In its latest report on the problem, Parliament’s standing committee on natural sources concluded that due to the excess refining capability in Canada and declining demand for fuel in developed countries, there “is at present no economic basis for constructing new refineries in Canada,” recommending as a substitute that the focus be placed on the pipeline system. This includes a extremely publicized proposal by Enbridge to begin planning on a $one hundred million reversal of an present pipeline to ship western Canadian crude to refineries in Ontario and Quebec.

In the meantime, in Alberta, despite a public opinion poll that suggests that the overwhelming majority assist government taking steps to increase the quantity of oil sands crude that is processed in the province, the transfer doesn’t seem possible.

Premier Alison Redford made clear earlier this 12 months that she intends to let market forces dictate future bitumen upgrading projects, calling the deal the province struck with North West Upgrading “a commitment made by the earlier authorities.”

Beneath that settlement, North West Upgrading will receive 25 per cent of its bitumen from Canadian Natural Assets, and the remainder from the supply that the Alberta government receives via royalties from oil producers. The province will even provide 75 per cent of operating costs, on prime of agreeing to a debt-financing deal.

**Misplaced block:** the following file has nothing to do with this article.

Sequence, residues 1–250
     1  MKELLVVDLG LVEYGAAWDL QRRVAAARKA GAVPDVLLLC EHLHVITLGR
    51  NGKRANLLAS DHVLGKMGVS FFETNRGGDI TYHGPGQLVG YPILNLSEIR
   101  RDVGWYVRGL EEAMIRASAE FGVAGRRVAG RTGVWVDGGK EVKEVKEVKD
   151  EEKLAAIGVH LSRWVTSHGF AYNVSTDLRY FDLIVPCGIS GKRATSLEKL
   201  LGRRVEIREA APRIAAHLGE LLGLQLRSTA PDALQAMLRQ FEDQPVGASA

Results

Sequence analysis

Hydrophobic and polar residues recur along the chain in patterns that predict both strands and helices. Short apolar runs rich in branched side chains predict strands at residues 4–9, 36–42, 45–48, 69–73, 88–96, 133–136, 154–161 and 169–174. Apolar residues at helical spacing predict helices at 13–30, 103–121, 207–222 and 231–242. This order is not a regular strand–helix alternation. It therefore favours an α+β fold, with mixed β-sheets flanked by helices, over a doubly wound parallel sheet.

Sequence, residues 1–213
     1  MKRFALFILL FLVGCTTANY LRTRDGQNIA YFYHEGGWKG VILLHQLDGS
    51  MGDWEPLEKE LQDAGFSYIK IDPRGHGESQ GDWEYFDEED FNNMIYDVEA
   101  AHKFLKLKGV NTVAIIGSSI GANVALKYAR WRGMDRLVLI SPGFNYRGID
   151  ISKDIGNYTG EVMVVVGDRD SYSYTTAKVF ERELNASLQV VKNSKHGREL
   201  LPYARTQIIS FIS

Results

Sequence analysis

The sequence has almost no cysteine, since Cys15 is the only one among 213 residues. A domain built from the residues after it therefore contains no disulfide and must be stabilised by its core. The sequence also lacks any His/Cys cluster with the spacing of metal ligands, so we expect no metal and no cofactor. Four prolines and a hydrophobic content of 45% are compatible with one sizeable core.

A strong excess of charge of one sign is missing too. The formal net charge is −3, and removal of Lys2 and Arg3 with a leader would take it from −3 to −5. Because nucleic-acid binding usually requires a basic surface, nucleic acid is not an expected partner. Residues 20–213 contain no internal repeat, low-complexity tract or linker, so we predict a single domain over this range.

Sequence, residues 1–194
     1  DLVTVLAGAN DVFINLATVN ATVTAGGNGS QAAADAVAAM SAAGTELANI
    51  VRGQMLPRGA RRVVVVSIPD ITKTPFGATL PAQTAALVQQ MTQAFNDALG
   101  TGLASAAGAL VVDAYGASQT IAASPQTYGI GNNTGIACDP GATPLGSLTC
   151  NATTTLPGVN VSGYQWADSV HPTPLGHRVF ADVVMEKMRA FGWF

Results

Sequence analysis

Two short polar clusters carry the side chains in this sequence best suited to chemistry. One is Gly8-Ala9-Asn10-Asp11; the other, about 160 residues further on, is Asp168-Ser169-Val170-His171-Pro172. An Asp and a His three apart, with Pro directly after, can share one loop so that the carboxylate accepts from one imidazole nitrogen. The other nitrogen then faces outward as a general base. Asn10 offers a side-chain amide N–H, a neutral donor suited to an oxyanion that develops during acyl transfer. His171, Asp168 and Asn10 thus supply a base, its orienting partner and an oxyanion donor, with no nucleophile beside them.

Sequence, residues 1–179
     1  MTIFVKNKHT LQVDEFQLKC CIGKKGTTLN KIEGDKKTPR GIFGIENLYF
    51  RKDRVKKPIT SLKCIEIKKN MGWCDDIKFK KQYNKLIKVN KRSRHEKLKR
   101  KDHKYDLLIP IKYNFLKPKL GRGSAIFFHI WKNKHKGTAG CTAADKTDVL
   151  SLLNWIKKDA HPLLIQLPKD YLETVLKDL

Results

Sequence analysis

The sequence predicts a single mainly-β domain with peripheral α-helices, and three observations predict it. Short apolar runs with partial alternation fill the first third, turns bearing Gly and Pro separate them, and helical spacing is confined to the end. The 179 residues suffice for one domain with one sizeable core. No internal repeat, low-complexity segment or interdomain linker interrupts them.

In keeping with Andrew Leach, an affiliate professor at College of Alberta Faculty of Enterprise, the diploma of government involvement within the NWU challenge means it should not be seen as evidence of the viability of latest refineries and upgraders.

“What this exhibits is that with the type of contracts the federal government is providing, you may get a non-public firm to construct a refinery,” he mentioned, “but the primary part of that sentence is de facto crucial, because it doesn’t tell you that private corporations can become profitable on refining.”

However NWU’s MacGregor has a distinct outlook.
Though he concedes that his challenge could be tough without government involvement, he says the $seven-hundred million in fairness NWU and CNR have spent so far is a testament to the truth that investors consider in the economics of the enterprise.

“We believe we could make a lot of money doing this, and plenty of other folks do too, because they have supported us all alongside,” he stated.

In the case of additional expansions to Alberta’s refining industry, he tends to dismiss naysayers, sustaining that simply as oil sands producers will discover safer, greener ways to extract bitumen, others will work out how to course of it domestically.